A Preview of the Midterm Elections

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A Preview of the Midterm Elections

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Presidential elections which take place every four years are obviously consequential in determining the policy direction of the country.  However many off-year elections, including the one that occurs on November 6th this year, can also send important signals about presidential approval and determine which party controls Congress and state houses.  In less than a month, voters will head to the polls to cast their ballots for all 435 members of the House of Representatives, 35 of the 100 United States senators and 36 governors.  The outcome of these midterms could well spell disaster or relief for President Trump’s agenda.

Analysts argue that these midterms could be the most consequential election in a generation. If the Republicans are able to hold on to their razor-thin majority in Congress, President Trump could well emerge emboldened to enact controversial policy proposals – making the next two years significantly easier for the White House to secure funding for a border wall, end Obamacare, and enact more tax cuts.

In addition, if the Republican Party remains in control of the United States Senate, the White House might have a chance to put a third Supreme Court justice on the bench: the aging Judge Ruth Bader Ginsburg will turn 86 next March, and it is thought that she might retire soon.

Despite their razor-thin majority in the Senate – 51 Republicans to 49 Democrats – Republicans have an electoral advantage in 2018.  Of the 35 seats up for grabs this year, only 9 are Republican-held seats. This creates an uphill battle for the Democrats who must defend 24 seats.  Moreover, the remaining two seats are held by independents who caucus with the Democrats, and these too will be contested this year.

The numbers are only part of the story, however.  A good number of these Democrat-held seats are in states won by President Trump in 2016, like West Virginia, North Dakota and Missouri, putting these Democrat incumbents in a difficult position of opposing a president popular in their states.   The Virginia senate seat, on the other hand, looks safely in the hands of the Democrats. Incumbent Democratic Senator, former Virginia governor and 2016 vice presidential candidate Tim Kaine is being challenged by Republican Corey Stewart for the junior senate seat for Virginia. Senator Kaine is ahead in the polls with 49% to Stewarts 30%, according to the Washington Post.   Stewart was recently chair of the Board of Supervisors for Prince Williams County.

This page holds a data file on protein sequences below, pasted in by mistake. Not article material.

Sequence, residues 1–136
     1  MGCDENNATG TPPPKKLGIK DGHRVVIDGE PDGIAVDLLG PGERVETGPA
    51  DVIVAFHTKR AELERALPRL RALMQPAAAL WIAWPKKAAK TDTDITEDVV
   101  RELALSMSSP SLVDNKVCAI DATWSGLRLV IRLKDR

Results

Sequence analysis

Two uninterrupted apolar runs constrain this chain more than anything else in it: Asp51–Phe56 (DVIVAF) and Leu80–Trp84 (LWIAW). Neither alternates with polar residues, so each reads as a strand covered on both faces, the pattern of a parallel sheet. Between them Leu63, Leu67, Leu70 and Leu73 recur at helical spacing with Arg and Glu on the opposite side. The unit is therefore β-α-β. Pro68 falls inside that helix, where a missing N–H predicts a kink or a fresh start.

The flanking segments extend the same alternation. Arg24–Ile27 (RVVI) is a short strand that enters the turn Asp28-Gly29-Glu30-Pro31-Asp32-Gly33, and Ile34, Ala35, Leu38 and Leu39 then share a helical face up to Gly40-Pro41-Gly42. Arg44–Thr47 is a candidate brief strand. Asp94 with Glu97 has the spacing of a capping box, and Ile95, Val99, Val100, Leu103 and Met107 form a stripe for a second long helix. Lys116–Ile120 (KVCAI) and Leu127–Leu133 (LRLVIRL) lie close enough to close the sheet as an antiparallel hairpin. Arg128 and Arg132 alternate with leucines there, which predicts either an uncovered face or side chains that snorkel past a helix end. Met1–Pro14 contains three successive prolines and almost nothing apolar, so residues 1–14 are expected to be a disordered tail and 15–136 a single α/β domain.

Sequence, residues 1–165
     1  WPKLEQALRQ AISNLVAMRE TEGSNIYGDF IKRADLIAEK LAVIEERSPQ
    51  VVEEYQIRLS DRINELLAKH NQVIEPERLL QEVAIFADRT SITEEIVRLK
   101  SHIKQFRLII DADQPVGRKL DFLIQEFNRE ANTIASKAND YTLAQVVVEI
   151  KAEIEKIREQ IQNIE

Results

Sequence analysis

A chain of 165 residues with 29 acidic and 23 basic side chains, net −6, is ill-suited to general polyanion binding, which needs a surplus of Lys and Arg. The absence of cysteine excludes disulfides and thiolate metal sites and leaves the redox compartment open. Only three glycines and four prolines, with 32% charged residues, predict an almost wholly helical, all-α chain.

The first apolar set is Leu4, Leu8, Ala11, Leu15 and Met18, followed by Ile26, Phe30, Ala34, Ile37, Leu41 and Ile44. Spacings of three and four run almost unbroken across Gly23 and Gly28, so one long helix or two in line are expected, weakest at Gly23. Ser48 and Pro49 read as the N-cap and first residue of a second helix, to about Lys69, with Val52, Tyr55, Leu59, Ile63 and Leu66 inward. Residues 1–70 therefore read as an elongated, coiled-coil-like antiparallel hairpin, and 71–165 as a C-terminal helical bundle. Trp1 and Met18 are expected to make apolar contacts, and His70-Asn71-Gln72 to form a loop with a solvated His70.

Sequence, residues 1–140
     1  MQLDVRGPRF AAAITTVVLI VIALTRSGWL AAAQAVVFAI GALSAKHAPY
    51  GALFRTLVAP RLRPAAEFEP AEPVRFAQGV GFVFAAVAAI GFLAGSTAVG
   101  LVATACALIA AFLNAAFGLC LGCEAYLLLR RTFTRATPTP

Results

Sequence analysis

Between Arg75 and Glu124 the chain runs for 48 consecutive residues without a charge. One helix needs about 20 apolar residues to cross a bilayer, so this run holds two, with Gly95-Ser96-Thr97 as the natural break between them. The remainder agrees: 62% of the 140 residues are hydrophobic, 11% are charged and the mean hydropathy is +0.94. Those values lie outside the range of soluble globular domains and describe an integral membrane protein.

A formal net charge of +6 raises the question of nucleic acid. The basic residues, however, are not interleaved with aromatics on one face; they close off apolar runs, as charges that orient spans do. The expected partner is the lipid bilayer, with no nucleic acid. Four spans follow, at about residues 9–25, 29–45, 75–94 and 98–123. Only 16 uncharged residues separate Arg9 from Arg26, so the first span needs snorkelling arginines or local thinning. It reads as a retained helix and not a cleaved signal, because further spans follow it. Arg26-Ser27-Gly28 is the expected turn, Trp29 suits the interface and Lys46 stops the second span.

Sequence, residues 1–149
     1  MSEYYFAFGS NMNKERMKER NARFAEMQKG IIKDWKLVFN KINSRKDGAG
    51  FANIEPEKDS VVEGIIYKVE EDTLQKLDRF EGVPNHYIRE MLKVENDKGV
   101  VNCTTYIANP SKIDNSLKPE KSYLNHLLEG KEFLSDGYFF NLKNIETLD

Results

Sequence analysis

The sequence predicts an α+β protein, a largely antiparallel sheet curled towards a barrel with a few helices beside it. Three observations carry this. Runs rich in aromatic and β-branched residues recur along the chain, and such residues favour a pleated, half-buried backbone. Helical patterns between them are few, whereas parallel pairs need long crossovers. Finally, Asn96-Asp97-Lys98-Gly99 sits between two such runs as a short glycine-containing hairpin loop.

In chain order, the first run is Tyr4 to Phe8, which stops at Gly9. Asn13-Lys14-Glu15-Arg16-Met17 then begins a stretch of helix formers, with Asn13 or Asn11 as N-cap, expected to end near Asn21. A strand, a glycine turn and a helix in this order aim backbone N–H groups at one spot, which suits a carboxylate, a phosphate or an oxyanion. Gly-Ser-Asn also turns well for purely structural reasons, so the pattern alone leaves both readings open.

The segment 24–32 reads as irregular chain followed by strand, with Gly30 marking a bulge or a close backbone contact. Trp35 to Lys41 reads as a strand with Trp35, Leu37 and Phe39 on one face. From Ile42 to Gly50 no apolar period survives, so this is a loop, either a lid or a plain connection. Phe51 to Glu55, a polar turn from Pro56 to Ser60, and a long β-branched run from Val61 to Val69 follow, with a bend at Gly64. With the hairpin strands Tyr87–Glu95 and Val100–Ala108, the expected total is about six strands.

The House of Representatives is a different story.  Currently, the Republican party controls 238 seats versus 193 for the Democrats. There are currently 4 unoccupied seats in the House.  To gain control of the House, Democrats would need to win 23 seats currently held by the GOP. History is in favor of the Democrats achieving this.  The President’s party has lost an average of 32 House seats and 2 Senate seats in every Midterm since the Civil War according to analysis by the New York Times.  

This year should be no different: with less than a month to Election Day, the Democratic party is winning with 49.2% to a Republican 41.4% in the generic ballot according to a recent poll conducted by the popular political website FiveThirtyEight.  The Democratic base of voters seems to be motivated to vote as a check to President’s Trump divisive personality and controversial policies.

In our area, the incumbent Republican Congresswoman Barbara Comstock is facing a stiff challenge from Democrat Jennifer Wexton, a local state senator for Virginia’s 33rd district.   The 10th congressional district consists of Clarke, Loudoun, Frederick and portions of Fairfax and Prince William counties – areas occupied by many federal government workers that have been turning blue in recent years. As of October 9th, Wexton leads Comstock by 12% in a poll conducted by the Washington Post.

Representative Comstock has represented the Congressional District since 2015. Before that, she was in the Virginia House of Delegates from 2010 to 2014. Jennifer Wexton is a state senator who has represented Virginia’s 33rd district since 2014.

It is widely speculated that if the Democrats are able to take control of either or both houses of Congress, they will fiercely oppose President Trump’s key policies for the rest of his term. They will have the power to kill Republican legislation. Also with the majority, the Democrats will gain control of congressional committees which could introduce new investigations into the Trump administration and continue current investigations that continue to plague Trump’s Presidency.

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